As national unemployment rates continue to drop, even fewer viable candidates are available for many job openings. Combine the good news of lower unemployment with the skills gap that persists, and you’ll find recruiting and hiring the best candidates for your company is as daunting a task as ever. As HR professionals know, hiring is more than just reviewing applications and interviewing. There is an essential process and rhythm that goes with the hiring experience.
Not only is the hiring process critical for those you hire, it’s also an important aspect for those you don’t hire. The “user” experience through the hiring process has wide ranging implications. Whether a candidate is hired or not, the hiring process reveals much of who the company is to the job seeker. For those who are hired, a great hiring process could be the difference in how well a new hire remains with the company, and how productive she is. A candidate who is not hired can leave with either a good or bad impression of the company. In a time where reviews and peer sharing make the world go round, people will determine the value of a company based off what other people experience when going through the interview process.
Here are 5 Ways to a Better Hiring Experience:
Communicate With Job Candidates
As simple as this sounds, if you’re an HR pro, you understand how difficult this can be, especially if you’ve received hundreds of applications for just one job. However, one of the number one complaints from job seekers is that they never hear a word from the company to which they’ve applied. As companies strive for improvement, there are still many frustrations from candidates who never even receive acknowledgement that their application has been received, much less any follow-up communication on the process. Developing a system that allows you to communicate and follow-up with potential candidates helps alleviate some of the tension that candidates hold in waiting to hear from a company. It’s also a component that can show that the company cares about individuals, and not just the latest “crop” of applicants that are coming through.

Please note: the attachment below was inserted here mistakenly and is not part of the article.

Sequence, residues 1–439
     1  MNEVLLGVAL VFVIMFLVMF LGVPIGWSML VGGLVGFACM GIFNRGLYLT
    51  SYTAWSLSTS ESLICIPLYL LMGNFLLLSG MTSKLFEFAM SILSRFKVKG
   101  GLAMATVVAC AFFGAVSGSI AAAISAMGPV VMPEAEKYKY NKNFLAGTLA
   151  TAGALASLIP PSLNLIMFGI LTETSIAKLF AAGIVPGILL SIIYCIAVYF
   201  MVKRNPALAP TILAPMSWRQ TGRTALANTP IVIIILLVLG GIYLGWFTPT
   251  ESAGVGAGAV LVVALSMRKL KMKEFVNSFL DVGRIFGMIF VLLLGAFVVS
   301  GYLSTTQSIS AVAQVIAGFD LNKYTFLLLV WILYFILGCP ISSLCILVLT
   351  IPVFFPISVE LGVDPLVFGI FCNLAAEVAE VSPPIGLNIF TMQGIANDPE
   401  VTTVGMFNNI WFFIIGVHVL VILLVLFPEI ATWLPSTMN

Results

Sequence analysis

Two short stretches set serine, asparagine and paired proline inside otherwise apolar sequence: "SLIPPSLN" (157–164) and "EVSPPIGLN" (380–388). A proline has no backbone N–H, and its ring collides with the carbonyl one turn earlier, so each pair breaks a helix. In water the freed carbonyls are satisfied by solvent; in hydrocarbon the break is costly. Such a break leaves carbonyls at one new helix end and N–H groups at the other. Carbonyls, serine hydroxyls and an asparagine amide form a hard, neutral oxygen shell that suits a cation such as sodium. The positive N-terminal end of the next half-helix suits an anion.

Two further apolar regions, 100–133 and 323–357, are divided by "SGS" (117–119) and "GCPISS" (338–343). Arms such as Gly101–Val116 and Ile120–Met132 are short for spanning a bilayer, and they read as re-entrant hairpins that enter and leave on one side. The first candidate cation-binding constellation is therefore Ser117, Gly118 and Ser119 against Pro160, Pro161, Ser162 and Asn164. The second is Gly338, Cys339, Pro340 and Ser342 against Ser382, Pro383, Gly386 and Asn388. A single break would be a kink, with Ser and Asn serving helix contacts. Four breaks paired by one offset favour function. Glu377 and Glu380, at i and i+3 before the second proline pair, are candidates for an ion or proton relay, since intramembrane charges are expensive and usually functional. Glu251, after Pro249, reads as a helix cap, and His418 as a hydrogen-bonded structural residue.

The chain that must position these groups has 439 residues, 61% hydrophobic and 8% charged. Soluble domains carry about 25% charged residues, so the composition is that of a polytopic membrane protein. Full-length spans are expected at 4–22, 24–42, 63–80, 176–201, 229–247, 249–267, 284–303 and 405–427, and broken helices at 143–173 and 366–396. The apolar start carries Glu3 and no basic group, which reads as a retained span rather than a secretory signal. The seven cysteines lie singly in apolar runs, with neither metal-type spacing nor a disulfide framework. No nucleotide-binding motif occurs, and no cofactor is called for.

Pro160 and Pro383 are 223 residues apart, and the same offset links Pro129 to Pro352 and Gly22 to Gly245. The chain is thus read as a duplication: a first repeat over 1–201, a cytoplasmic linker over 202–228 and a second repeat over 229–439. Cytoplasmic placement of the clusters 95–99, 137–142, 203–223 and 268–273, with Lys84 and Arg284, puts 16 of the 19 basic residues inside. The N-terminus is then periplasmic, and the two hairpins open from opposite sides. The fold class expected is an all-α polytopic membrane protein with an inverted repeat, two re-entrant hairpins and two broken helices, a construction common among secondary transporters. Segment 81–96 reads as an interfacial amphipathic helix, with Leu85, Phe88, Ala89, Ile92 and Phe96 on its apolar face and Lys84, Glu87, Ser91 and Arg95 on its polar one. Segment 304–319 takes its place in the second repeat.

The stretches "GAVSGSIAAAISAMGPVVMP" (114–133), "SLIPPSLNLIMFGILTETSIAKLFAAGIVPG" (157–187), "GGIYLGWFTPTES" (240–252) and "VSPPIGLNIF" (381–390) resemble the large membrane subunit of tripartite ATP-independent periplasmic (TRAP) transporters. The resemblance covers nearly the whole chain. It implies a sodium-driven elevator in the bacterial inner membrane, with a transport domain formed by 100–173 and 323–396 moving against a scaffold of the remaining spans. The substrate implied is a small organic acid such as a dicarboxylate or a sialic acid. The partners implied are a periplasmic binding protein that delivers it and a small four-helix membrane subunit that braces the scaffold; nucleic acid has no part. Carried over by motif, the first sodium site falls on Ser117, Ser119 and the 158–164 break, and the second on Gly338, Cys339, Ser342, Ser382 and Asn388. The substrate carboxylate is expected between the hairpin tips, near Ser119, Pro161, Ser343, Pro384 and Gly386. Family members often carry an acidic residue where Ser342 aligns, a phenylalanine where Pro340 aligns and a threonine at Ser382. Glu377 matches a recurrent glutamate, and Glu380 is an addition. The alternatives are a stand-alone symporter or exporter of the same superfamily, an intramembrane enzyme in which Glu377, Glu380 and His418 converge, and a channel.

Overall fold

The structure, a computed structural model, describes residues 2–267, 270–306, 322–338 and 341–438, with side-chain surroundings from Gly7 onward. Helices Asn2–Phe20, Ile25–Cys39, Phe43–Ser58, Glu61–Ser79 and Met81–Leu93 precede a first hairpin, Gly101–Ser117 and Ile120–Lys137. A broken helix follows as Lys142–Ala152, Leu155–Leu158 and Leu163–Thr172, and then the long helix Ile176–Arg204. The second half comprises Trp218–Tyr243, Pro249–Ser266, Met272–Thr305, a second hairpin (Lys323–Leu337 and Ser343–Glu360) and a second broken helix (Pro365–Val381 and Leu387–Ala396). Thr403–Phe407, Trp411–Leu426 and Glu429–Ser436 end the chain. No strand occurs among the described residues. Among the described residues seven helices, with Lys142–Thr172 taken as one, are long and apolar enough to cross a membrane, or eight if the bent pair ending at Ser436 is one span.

Maximize Your Online and Digital Presence
A survey by MIT and Deloitte found that the vast majority of respondents want to work for digitally enabled organizations. Nearly 30 percent of American adults have used their smartphones in some way for their job searches, including browsing job listings (94 percent of smartphone job seekers), filling out online job applications (50 percent), and creating a resume or cover letter (23 percent) Pew Research survey. These processes open a 24/7 accessibility to potential candidates.
Additionally, social media continues to be a powerful tool in the hiring experience. Platforms like LinkedIn can help you locate potential new employees, as well as allow them to find you through search functions, job listings, and ads. But social media profiles can also be useful in learning more about a potential candidate, especially for those who may have professional profiles that include blogs or previous work. Although it’s a delicate, potentially privacy concern, social media profiles can reveal both the professional and personal side of your candidates.
Fit Soft Skills to the Job
One of the keys to a dynamic culture is finding employees who have the soft skills to not only thrive in the environment, but who can also learn the necessary skills needed to be productive. With the prevalent skills gap in almost every niche of the job market, it can be overwhelming to find someone who has the skills needed to do the job. Additionally, it can also be very tempting to hire someone based solely on the fact that they DO have the skill set for the job.